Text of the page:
Thomas A. Baran

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The Digital Signal Processing Group develops signal processing algorithms that span a wide variety of application areas including speech and image processing, sensor networks, communications, radar and sonar. Our primary focus is on algorithm development in general, with the applications serving as motivating contexts. Our approach to new algorithms(More)
In designing discrete-time filters, the length of the impulse response is often used as an indication of computational cost. In systems where the complexity is dominated by arithmetic operations, the number of nonzero coefficients in the impulse response may be a more appropriate metric to consider instead, and computational savings are realized by omitting(More)
Oversampled A-to-D converters commonly rely on sharp-cutoff, discrete-time filters that operate at fast input sampling rates. Filter design techniques for such filters typically use the length of the impulse response as an indicator of computational cost, assuming that each filter tap requires a multiplier.[5][6] This paper describes methods for designing(More)
This paper is concerned with the inversion of implementations for systems that may generally be nonlinear and time-varying. Specifically, techniques are presented for modifying an implementation of a forward system, represented as an interconnection of subsystems, in such a way that an implementation for the inverse system is obtained. We focus on a class(More)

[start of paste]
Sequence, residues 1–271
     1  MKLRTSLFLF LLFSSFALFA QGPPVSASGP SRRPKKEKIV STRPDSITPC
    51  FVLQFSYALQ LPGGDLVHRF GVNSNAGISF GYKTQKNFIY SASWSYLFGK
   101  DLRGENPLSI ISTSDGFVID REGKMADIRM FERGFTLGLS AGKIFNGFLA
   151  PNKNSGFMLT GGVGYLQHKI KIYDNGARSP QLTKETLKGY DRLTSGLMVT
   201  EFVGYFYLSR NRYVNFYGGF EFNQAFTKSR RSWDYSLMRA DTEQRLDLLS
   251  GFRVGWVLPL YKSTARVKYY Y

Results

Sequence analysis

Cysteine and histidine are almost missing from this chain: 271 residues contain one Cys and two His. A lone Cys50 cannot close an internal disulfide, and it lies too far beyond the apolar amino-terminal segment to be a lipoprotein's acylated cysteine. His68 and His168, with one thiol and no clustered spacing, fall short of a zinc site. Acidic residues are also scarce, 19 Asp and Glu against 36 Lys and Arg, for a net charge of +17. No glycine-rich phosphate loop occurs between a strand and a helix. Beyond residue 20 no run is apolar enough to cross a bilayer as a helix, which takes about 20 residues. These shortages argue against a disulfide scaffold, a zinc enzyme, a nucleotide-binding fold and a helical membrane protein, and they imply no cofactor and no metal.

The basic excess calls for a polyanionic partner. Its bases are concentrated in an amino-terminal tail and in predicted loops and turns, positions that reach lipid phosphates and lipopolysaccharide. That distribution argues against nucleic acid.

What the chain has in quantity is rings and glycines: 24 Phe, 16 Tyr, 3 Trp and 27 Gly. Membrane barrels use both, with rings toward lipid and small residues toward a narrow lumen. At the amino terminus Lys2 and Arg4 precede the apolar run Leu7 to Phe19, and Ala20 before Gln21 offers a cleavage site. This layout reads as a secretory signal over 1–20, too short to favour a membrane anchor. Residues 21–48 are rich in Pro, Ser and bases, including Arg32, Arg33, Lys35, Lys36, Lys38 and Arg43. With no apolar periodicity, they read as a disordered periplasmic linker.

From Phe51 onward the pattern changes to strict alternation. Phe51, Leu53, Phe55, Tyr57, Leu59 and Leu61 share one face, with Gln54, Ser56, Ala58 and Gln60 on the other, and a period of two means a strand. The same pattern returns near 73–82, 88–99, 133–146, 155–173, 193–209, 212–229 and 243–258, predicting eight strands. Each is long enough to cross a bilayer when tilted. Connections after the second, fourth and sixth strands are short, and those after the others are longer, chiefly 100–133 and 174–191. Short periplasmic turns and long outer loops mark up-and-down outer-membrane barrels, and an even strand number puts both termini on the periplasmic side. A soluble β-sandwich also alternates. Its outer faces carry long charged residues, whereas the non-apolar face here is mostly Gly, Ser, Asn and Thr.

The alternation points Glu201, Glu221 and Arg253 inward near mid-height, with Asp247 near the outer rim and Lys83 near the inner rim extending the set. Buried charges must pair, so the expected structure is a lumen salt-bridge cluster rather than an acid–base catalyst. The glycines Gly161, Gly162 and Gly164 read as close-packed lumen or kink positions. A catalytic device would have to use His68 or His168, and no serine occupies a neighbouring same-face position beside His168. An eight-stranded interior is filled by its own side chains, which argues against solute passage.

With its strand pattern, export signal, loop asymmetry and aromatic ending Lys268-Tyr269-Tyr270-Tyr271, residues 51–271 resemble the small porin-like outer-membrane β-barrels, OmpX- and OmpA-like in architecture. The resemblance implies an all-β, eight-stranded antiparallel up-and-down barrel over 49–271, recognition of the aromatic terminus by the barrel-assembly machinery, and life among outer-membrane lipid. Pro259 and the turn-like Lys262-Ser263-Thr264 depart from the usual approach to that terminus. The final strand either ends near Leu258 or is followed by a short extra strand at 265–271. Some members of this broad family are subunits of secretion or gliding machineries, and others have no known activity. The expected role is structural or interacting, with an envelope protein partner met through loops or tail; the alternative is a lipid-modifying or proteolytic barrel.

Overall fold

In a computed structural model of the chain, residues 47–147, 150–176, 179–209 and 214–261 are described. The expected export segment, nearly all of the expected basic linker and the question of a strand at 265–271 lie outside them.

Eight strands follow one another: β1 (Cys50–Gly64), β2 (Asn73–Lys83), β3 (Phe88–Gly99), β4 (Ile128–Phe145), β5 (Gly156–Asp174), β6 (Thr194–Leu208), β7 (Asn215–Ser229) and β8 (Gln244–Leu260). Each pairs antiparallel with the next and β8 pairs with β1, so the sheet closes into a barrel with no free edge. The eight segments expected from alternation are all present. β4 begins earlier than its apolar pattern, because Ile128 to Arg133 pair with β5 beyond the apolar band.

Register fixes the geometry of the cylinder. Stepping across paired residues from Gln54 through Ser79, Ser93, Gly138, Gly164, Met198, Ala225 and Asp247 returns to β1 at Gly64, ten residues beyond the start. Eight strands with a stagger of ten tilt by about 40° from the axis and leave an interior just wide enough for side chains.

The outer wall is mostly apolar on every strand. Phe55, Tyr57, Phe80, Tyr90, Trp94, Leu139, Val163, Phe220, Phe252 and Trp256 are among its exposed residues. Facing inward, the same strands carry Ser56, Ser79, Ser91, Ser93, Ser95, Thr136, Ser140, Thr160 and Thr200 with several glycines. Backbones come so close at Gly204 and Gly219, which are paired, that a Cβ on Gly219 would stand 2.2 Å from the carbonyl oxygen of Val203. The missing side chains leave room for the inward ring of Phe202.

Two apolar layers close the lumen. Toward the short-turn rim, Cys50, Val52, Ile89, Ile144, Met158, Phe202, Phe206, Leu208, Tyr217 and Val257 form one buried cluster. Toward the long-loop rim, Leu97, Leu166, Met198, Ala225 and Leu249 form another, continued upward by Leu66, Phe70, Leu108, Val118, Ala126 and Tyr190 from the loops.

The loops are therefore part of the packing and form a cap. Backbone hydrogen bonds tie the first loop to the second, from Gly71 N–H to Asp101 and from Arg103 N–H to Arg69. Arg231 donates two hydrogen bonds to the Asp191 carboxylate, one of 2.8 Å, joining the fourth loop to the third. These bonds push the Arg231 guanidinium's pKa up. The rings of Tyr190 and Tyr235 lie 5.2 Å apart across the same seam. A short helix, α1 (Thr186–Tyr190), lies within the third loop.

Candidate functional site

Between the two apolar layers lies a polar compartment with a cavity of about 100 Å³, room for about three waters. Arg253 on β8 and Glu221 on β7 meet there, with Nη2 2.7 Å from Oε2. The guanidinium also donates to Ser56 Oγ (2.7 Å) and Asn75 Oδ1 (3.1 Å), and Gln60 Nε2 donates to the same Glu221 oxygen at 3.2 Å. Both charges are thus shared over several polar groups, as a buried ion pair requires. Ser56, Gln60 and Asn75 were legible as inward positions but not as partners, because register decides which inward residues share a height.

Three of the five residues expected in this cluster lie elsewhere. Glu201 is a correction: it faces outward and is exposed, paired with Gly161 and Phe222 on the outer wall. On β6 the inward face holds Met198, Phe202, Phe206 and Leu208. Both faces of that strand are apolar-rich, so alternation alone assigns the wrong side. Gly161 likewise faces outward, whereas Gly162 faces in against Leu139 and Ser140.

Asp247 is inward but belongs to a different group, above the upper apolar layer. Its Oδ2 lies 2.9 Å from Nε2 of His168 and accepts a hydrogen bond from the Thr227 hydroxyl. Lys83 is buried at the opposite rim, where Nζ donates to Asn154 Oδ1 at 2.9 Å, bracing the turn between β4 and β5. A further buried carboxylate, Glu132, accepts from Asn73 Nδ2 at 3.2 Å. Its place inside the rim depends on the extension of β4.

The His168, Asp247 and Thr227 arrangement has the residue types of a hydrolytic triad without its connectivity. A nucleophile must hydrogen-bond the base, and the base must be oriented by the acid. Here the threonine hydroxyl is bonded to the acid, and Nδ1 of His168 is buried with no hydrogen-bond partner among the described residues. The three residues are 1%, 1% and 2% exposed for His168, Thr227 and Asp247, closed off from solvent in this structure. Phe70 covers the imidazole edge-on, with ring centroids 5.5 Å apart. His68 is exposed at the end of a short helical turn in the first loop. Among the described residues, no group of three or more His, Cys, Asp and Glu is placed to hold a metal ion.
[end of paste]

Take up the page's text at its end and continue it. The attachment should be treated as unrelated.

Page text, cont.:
A rapidly advancing field, image compression has seen many recent developments. A number of well-known compression algorithms dominate the world of lossy compression, but in the realm of lossless compression, fewer techniques have been explored. The most successful lossy compression methods are based on transform methodologies, commonly involving the KLT,(More)
ACNE plays an important role in many aspects of signal processing and time series analysis. The recursive solution to these equations presented in this article is developed independently of any specific application context and utilizes the basic principles of LTI systems, resulting in the lattice filter structure as a by-product.
This paper presents a framework for designing a class of distributed, asynchronous optimization algorithms, realized as signal processing architectures utilizing various conservation principles. The architectures are specifically based on stationarity conditions pertaining to primal and dual variables in a class of generally nonconvex optimization problems.(More)
This paper provides examples of various synchronous and asynchronous signal processing systems for performing optimization, utilizing the framework and elements developed in a preceding paper. The general strategy in that paper was to perform a linear transformation of stationarity conditions applicable to a class of convex and nonconvex optimization(More)
This primary purpose of this paper is to succinctly state a number of verifiable and tractable sufficient conditions under which a particular class of conservative signal processing structures may be readily used to solve a companion class of constraint satisfaction problems using both synchronous and asynchronous implementation protocols. In particular,(More)
Conservation principles have played a key role in the development and analysis of many existing engineering systems and algorithms. In electrical network theory for example, many of the useful theorems regarding the stability, robustness, and variational properties of circuits can be derived in terms of Tellegen’s theorem, which states that a wide range of(More)